In this era of COVID19 it can be challenging to manage the common practice of healthcare. Thus, many routine medical concerns, including dermatology screenings for skin cancer and melanoma, are on hold for most people.
In an attempt to manage their own health as best they can, some patients may turn to smartphone apps to assess a suspicious skin lesion. That is not a good idea! A recent study published in the Journal of the American Medical Association ( JAMA) found these leading apps offer false results. SkinVision and SkinScan, the two most popular apps, were both missing melanomas and offering false positive readings. Furthermore, 45% of the time, the images couldn’t even be interpreted by the apps. It should be noted that the FDA has not yet approved these apps for the diagnosis of melanoma.
What should you do if you can’t get an appointment with your dermatologist and you have a suspicious skin lesion? We reached out to Claire Marie Foundation Medical Advisor, Dr. Meg R. Gerstenblith, M.D., a Clinical Assistant Professor in the Department of Dermatology at Case Western Reserve University and a Clinical Associate in the Department of Dermatology at Johns Hopkins School of Medicine. Here is what Dr. Gerstenblith had to say:
“The past few months, our lives have changed dramatically. Each one of us has been impacted by COVID19, even if we haven’t personally been sick. Routine medical visits, including skin exams by dermatologists, have been pushed back. We won’t fully appreciate the effects of these delays, although in the context of cancer screening and cancer care, some hypothesize that the impact will be felt for years to come.https://www.thelancet.com/journals/lanonc/article/PIIS1470-2045(20)30243-6/fulltext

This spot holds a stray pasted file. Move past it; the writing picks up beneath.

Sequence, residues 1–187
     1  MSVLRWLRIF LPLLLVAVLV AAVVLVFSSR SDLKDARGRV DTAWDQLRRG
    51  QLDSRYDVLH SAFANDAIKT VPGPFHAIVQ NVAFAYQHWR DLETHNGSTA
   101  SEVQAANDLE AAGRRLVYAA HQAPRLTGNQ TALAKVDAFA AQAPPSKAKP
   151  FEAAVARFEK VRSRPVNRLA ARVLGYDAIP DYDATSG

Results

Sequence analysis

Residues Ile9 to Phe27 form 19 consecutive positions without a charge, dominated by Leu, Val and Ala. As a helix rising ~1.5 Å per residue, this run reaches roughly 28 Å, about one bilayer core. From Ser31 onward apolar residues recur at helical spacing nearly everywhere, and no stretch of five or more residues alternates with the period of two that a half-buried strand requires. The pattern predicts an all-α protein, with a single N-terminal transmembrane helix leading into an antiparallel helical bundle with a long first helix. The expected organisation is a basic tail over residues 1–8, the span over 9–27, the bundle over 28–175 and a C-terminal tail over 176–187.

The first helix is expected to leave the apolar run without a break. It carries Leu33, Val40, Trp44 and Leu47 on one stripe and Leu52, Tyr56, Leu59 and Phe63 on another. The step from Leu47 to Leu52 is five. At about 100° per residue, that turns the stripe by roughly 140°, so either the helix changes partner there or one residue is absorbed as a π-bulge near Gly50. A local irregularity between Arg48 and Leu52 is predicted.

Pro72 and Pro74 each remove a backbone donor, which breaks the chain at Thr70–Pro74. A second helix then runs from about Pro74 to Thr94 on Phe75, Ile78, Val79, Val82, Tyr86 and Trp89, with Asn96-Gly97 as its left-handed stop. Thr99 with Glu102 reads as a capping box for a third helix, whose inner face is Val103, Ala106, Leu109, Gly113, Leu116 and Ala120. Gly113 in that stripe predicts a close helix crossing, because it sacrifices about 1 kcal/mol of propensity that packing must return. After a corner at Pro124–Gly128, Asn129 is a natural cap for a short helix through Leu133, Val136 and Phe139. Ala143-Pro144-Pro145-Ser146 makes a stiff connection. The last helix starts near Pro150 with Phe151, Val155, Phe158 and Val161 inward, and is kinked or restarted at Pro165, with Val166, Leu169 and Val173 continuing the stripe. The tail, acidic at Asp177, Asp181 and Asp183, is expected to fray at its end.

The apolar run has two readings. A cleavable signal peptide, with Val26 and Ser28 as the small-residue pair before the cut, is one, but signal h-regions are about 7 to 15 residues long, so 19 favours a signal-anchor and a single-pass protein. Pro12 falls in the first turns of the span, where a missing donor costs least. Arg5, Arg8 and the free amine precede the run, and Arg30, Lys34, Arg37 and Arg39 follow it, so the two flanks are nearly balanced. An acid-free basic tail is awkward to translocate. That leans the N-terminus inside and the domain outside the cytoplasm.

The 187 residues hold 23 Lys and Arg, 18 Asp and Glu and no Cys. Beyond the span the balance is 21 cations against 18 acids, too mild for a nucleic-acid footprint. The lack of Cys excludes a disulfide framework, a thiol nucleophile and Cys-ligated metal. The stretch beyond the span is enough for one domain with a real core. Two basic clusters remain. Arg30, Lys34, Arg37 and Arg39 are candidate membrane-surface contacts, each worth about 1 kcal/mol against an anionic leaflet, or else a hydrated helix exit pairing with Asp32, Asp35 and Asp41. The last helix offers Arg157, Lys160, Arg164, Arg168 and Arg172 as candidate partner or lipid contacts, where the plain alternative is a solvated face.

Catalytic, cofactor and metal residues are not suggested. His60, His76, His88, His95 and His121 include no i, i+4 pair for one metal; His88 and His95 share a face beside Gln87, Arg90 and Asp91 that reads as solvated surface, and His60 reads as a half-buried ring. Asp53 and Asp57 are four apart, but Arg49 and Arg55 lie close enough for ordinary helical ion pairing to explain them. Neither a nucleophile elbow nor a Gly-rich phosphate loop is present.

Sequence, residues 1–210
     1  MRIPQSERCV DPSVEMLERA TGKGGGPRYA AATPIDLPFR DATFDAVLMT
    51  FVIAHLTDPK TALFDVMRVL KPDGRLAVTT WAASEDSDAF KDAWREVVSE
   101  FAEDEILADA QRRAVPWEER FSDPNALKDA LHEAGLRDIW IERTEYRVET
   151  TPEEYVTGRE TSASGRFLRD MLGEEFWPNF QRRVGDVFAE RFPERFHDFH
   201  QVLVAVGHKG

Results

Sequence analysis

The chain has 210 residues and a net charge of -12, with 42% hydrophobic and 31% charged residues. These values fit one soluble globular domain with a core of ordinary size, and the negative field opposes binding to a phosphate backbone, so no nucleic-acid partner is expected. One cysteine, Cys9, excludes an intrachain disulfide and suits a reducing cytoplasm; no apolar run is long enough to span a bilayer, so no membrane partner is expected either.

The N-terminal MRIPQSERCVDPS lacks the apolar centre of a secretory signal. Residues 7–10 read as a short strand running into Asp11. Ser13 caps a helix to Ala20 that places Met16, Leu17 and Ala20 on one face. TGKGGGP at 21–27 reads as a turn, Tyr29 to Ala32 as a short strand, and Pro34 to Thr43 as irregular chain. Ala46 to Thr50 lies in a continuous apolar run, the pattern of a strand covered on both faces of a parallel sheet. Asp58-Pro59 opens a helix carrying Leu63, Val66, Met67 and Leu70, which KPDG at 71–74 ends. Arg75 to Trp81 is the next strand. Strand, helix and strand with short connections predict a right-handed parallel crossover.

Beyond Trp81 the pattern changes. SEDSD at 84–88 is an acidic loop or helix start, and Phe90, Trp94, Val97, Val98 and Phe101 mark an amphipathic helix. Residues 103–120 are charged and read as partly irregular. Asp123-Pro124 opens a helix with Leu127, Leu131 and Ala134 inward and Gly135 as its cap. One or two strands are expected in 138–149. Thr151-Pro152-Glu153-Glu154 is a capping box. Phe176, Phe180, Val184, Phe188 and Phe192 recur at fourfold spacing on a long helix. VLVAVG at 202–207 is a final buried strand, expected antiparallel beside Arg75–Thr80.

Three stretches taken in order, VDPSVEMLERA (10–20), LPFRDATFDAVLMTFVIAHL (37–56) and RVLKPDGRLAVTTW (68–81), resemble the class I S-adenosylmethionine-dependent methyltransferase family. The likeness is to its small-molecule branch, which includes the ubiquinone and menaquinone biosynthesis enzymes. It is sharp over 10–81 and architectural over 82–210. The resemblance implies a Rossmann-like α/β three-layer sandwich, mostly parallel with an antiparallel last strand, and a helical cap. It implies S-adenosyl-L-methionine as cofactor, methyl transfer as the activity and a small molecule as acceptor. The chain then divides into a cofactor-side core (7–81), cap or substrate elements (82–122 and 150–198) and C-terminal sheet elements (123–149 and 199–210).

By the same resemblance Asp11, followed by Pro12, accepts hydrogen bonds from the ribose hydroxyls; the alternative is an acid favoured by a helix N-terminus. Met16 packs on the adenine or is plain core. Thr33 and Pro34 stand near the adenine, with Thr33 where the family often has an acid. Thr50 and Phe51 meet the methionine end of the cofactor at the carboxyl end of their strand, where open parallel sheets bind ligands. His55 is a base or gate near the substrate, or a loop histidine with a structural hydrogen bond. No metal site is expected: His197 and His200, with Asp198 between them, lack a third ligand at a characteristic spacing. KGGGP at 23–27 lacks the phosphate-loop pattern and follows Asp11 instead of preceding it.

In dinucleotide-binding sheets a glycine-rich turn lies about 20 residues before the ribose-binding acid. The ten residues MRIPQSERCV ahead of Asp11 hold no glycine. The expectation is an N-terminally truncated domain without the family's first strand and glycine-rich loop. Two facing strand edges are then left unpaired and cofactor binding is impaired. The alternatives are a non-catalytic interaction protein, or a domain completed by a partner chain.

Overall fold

However, many dermatologists’ offices are open for telemedicine visits and urgent concerns, including the diagnosis and treatment of aggressive skin cancers.
In a typical telemedicine visit, a patient will upload photos of a suspicious lesion (or lesions) and, during the video visit, the dermatologist will review the photos and obtain critical history information from the patient with regard to how long the patient has noticed the lesion, whether or not it is symptomatic, and whether or not it has changed in any respect.
With this information, dermatologists can usually come up with a sound plan for that patient. If the dermatologist is concerned, most are be able to see the patient in the office for the appropriate biopsy or excision of a suspicious lesion. Our surgeons are performing skin cancer surgery as well. We are doing our best to avoid delays in diagnosing and treating potentially aggressive skin cancers. For some skin cancers that are not very aggressive, such as a superficial basal cell carcinoma, dermatologists may recommend waiting to treat those since they are highly unlikely to grow or spread.
For the patient with the suspicious lesion, that patient should contact his/her dermatologist and set up a telemedicine visit. The dermatologist can then advise the patient on whether or not he/she needs to be seen in person for an examination or a biopsy.
If that patient’s dermatologist is not open or not conducting telemedicine visits, there are likely other offices that are open in that patient’s community–and the patient should seek out another dermatologist or speak to their primary care doctor to get assistance reaching a dermatologist.
Most dermatology groups within academic hospitals are open during this COVID19 pandemic as are many private practices. We would not recommend using any of the lesion detection apps, since studies have shown these to be ineffective.”